• B33Y50/02Data acquisition or data processing for additive manufacturing for controlling or regulating additive manufacturing processes
    • BPERFORMING OPERATIONS; TRANSPORTING
    • B22CASTING; POWDER METALLURGY
    • B22FWORKING METALLIC POWDER; MANUFACTURE OF ARTICLES FROM METALLIC POWDER; MAKING METALLIC POWDER
    • B22F3/00Manufacture of workpieces or articles from metallic powder characterised by the manner of compacting or sintering; Apparatus specially adapted therefor ; Presses and furnaces
    • B22F3/10Sintering only
    • B22F3/105Sintering only by using electric current other than for infra-red radiant energy, laser radiation or plasma ; by ultrasonic bonding
    • B22F3/1055Selective sintering, i.e. stereolithography
    • B22F2003/1056Apparatus components, details or accessories
    • B22F2003/1057Apparatus components, details or accessories for control or data processing, e.g. algorithms
    • BPERFORMING OPERATIONS; TRANSPORTING
    • B22CASTING; POWDER METALLURGY
    • B22FWORKING METALLIC POWDER; MANUFACTURE OF ARTICLES FROM METALLIC POWDER; MAKING METALLIC POWDER
    • B22F2203/00Controlling
    • B22F2203/11Controlling temperature, temperature profile
    • BPERFORMING OPERATIONS; TRANSPORTING
    • B22CASTING; POWDER METALLURGY
    • B22FWORKING METALLIC POWDER; MANUFACTURE OF ARTICLES FROM METALLIC POWDER; MAKING METALLIC POWDER
    • B22F2999/00Aspects linked to processes or compositions used in powder metallurgy
    • BPERFORMING OPERATIONS; TRANSPORTING
    • B33ADDITIVE MANUFACTURING TECHNOLOGY
    • B33YADDITIVE MANUFACTURING, i.e. MANUFACTURING OF THREE-DIMENSIONAL [3-D] OBJECTS BY ADDITIVE DEPOSITION, ADDITIVE AGGLOMERATION OR ADDITIVE LAYERING, e.g. BY 3-D PRINTING, STEREOLITHOGRAPHY OR SELECTIVE LASER SINTERING
    • B33Y10/00Processes of additive manufacturing
    • YGENERAL TAGGING OF NEW TECHNOLOGICAL DEVELOPMENTS; GENERAL TAGGING OF CROSS-SECTIONAL TECHNOLOGIES SPANNING OVER SEVERAL SECTIONS OF THE IPC; TECHNICAL SUBJECTS COVERED BY FORMER USPC CROSS-REFERENCE ART COLLECTIONS [XRACs] AND DIGESTS
    • Y02TECHNOLOGIES OR APPLICATIONS FOR MITIGATION OR ADAPTATION AGAINST CLIMATE CHANGE
    • Y02PCLIMATE CHANGE MITIGATION TECHNOLOGIES IN THE PRODUCTION OR PROCESSING OF GOODS
    • Y02P10/00Technologies related to metal processing
    • Y02P10/25Process efficiency

Abstract

A powder processing machine includes a work bed, a powder deposition device operable to deposit layers of powder in the work bed, an energy beam device operable to emit an energy beam with a variable beam power and scan the energy beam in a path across the powder in the work bed with a variable beam scan rate to melt and fuse regions of the powder, a sensor operable to detect process characteristics in the work bed by location in the work bed during scanning of the energy beam and produce signals representative of the process characteristics and locations, and a controller in communication with the sensor to receive the signals. The controller is configured to identify anomalies in the process characteristics and responsively adjust at least one of the beam power or the beam scan rate at the locations of the anomalies.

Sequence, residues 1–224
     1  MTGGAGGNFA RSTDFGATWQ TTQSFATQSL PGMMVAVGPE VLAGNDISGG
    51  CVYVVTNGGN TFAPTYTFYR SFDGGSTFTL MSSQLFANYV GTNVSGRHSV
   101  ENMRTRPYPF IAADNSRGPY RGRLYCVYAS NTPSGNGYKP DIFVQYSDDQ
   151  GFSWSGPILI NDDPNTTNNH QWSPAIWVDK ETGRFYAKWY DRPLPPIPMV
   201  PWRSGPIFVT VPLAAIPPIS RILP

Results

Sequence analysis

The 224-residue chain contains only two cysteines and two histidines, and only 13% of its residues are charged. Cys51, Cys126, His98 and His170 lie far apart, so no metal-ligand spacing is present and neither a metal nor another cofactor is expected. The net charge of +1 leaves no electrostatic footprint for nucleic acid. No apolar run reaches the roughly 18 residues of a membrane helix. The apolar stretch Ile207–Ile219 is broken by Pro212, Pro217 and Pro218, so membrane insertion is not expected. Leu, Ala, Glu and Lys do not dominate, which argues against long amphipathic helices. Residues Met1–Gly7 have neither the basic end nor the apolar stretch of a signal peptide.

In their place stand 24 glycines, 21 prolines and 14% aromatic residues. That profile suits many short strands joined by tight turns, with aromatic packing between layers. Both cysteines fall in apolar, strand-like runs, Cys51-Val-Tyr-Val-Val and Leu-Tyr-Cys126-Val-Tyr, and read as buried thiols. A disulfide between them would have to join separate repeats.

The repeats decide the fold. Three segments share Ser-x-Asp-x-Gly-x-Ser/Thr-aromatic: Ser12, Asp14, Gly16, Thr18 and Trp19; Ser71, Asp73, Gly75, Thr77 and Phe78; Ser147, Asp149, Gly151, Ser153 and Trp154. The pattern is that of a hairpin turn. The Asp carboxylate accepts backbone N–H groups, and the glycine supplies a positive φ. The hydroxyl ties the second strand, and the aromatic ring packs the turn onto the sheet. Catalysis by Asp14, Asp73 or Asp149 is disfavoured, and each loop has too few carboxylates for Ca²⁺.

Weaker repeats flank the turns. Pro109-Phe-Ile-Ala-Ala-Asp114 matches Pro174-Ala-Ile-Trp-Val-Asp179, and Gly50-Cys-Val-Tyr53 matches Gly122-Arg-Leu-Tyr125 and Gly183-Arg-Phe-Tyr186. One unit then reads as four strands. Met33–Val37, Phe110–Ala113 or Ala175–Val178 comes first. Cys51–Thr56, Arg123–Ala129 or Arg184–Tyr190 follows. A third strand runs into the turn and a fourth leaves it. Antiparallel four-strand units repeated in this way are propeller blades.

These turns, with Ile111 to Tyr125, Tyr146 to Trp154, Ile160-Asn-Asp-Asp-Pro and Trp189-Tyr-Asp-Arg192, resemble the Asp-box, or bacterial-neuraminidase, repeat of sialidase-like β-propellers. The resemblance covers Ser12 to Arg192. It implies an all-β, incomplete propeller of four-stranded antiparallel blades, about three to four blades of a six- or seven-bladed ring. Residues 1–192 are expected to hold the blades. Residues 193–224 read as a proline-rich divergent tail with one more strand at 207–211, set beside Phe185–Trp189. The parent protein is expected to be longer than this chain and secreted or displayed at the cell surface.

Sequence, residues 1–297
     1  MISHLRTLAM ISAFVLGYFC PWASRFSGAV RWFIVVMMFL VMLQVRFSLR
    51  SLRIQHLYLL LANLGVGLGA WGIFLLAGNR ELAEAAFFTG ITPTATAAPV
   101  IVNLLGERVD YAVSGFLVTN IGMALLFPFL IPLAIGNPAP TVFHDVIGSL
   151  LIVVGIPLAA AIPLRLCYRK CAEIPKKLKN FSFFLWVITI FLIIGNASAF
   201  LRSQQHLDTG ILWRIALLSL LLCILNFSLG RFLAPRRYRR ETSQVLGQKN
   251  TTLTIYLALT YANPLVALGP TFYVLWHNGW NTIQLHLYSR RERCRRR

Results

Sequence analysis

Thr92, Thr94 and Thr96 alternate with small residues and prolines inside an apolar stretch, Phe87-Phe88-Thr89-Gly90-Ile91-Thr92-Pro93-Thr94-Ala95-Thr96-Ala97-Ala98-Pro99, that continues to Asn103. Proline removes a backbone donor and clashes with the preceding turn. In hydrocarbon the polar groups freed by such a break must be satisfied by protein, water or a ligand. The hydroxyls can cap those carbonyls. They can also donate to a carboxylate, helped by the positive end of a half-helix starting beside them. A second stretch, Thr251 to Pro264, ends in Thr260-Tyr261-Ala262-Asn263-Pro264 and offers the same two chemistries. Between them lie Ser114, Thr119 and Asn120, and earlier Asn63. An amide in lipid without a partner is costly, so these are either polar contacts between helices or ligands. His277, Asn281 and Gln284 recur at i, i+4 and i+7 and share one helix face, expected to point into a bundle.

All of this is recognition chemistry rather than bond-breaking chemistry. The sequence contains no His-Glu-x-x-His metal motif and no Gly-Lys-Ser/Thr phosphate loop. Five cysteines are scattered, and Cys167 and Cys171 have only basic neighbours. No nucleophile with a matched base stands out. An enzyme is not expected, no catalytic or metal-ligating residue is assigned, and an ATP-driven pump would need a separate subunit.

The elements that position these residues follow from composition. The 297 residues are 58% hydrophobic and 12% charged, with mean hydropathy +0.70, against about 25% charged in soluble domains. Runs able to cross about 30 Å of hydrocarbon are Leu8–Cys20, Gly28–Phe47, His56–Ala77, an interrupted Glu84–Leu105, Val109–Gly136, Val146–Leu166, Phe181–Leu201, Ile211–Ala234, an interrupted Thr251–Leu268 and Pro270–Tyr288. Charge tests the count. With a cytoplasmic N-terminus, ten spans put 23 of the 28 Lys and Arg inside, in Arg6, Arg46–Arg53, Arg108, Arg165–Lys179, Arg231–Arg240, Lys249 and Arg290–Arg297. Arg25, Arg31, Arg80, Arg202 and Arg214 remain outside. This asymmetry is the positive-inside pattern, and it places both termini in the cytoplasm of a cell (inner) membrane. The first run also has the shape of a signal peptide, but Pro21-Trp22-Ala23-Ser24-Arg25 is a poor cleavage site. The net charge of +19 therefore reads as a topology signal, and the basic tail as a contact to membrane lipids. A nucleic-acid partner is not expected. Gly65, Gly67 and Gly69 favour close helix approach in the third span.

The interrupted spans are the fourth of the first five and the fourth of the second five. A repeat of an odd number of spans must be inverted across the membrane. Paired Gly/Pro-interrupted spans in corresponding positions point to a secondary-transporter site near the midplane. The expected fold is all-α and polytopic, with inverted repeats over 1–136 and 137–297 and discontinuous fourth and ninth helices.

Description

    CROSS-REFERENCE TO RELATED APPLICATION
  • This disclosure claims benefit of U.S. Provisional Application No. 62/451,346 filed Jan. 27, 2017.
  • BACKGROUND
  • Powder bed fusion processes for additive manufacturing, such as Direct Metal Laser Sintering (DMLS), can provide advanced components in a single manufacturing process. The process typically involves iteratively depositing powder layers and melting/fusing select regions of the layers using an energy beam to build up a component layer-by-layer.
  • Control schemes for such processes have limitations. A typical control scheme permits a user limited control over process parameters, such as power, speed, and path of the energy beam (e.g., a laser or electron beam). The user controls the process via preset “themes” from which the user can select a theme for a given geometry of a component. For instance, a geometry that overhangs the powder bed (a “downskin”) may have a corresponding theme with its own presets for a single power, single speed, and path parameters for stripe width and overlap. Outside of selecting that theme versus another theme that has different presets, there is no ability to vary these parameters once the theme begins.
  • BRIEF DESCRIPTION OF THE DRAWINGS
  • The various features and advantages of the present disclosure will become apparent to those skilled in the art from the following detailed description. The drawings that accompany the detailed description can be briefly described as follows.
  • FIG. 1 illustrates an example powder processing machine.
  • FIGS. 2A, 2B, and 2C illustrates powder processing defects.
  • FIG. 3 depicts a model for melt pool.
  • FIG. 4 depicts a model for balling.